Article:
Nothing is more important to Congresswoman Carolyn Maloney than the quality of life in her district. She is proud of the work she has done to improve infrastructure, preserve historic neighborhoods, fight for better zoning and create schools in her district. Whether working to create an academically rigorous public high school on the Upper East Side, seeking to restore the crumbling Queens seawall or fighting for a full build Second Avenue Subway, her first priority has always been to make her district a better place to live.
- 10021 Zip Code Split
- 2nd Avenue Subway
- 50th Street Facility
- 63rd St Tunnel Connector
- Bushwick Inlet Park
- Cell Phone Towers
- Con Edison Steampipe Explosion
- Development in Western Queens
- East Side Access
- Fashion Report
- Hurricane Sandy
- Islamic Community Center in Lower Manhattan
- Long Island City Links
- Manhattan VA Hospital
- Marine Transfer Station
- Newtown Creek
- Queens Blackout
- Queens Flooding
- Queens Plaza Roadway
- Queens Seawall
- Robert Moses Park
- Roosevelt Island
- Sale of Stuyvesant Town and Peter Cooper Village
- Shop Second Avenue
- The Inauguration of President Obama
More on Local Issues
NEW YORK - Three federal grants totaling $800,000 were recently awarded to outstanding service organizations in the 14th Congressional District, represented by Congresswoman Carolyn Maloney (D - Manhattan, Queens). The receiving organizations, the International Rescue Committee, the Department of Geriatrics/Adult Development at Mount Sinai School of Medicine, and the Salvation Army of Greater New York are dedicated to improving conditions for the sick, the disadvantaged, and the homeless. Federal funds will enable these organizations to develop innovative programs to better serve New Yorkers.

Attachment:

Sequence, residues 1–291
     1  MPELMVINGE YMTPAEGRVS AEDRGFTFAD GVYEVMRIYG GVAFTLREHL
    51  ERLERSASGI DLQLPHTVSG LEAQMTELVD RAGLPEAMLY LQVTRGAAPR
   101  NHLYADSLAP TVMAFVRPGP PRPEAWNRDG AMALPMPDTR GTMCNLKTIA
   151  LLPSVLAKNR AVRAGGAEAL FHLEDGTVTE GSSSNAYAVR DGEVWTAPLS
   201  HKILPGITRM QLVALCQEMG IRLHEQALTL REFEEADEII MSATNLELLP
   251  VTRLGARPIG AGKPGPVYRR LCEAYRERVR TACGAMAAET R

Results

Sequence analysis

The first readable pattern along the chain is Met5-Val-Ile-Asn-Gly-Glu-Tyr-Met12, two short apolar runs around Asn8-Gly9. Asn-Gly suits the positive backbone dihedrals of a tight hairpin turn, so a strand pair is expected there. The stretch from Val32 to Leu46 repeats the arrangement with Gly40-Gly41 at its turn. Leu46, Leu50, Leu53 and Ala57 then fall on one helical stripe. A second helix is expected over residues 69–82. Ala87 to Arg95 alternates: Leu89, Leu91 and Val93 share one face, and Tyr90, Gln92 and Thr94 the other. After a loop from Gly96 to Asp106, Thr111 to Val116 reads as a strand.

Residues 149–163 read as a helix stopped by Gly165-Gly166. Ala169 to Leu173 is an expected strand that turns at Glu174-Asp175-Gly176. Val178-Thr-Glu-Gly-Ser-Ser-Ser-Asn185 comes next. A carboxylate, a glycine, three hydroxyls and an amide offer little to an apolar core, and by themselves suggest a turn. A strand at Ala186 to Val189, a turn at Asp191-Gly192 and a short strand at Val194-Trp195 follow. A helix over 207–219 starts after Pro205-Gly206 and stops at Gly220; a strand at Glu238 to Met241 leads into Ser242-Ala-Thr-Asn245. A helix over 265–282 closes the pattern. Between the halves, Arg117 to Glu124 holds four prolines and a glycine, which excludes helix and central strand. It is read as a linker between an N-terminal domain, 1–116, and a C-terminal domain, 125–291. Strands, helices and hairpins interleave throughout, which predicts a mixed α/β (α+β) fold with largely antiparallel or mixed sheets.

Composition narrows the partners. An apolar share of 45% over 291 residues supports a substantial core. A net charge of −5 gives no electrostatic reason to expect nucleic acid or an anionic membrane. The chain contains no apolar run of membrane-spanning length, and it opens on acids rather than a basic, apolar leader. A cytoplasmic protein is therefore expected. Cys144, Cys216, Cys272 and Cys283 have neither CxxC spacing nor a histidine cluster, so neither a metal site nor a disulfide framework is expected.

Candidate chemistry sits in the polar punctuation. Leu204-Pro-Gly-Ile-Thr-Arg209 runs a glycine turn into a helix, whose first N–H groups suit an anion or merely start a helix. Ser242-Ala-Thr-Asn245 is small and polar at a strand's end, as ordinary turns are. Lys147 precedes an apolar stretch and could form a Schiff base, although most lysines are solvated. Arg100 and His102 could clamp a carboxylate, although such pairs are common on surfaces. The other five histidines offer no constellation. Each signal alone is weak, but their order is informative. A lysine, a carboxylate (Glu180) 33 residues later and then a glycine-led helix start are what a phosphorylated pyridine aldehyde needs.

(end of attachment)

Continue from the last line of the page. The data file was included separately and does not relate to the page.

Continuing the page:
WASHINGTON, D.C. - "After weeks of "will he run" "won't he run" speculation, Mayor Giuliani's decision today will cause many people to finally exhale, especially the mayor! If there is one thing I know about Mr. Giuliani, it is that he is a fighter. I certainly hope that he will now be able to focus on his important fight against his recently diagnosed cancer."
NEW YORK - Congresswoman Carolyn Maloney's efforts to obtain adequate resources for the fight against the Asian Longhorned Beetle have proven successful. In recent letters to U.S. Secretary of Agriculture Dan Glickman and Craig Reed, Administrator of the Animal and Plant Health Inspection Service (APHIS), Maloney urged that additional resources be provided to fight the tree-killing beetle. Today, the Congresswoman commended President Clinton for significantly increasing resources to combat the beetle in his 2001 budget. The President's recently released budget would provide $4.6 million for APHIS and $2.5 million for the U.S. Forest Service to be used primarily for tree inspections, education and research on the beetle, removal of infested trees, and tree replacement programs.
NEW YORK - President Clinton's budget for Fiscal Year 2001 will contain $5 million for a study on the feasibility of a Second Avenue subway in New York City. Congresswoman Carolyn Maloney (D-Manhattan, Queens) joined Senator Charles Schumer in commending the President today, saying, "I am extremely pleased to have the President's commitment for a Second Avenue subway and I only wish we had that kind of support from the Governor."
"Good Evening, tonight we begin the process of examining Con Edison's plans for their two east side power plants. The development that will result from Con Edison's plans will not only forever change the skyline but also the quality of life along the entire east side of Manhattan. We should not move in haste and this cannot be a closed process. So far, we have lots of questions and few answers.
NEW YORK - Congresswoman Carolyn Maloney (D-Manhattan, Queens) is fighting the proposal to build a tower on top of the Citibank building at the corner of 91st and Madison. The proposed tower would be completely out of context in the Carnegie Hill Historic District. The area was designated a historic district because it preserves a moment in time when Madison Avenue was made up of low brownstones and townhouses.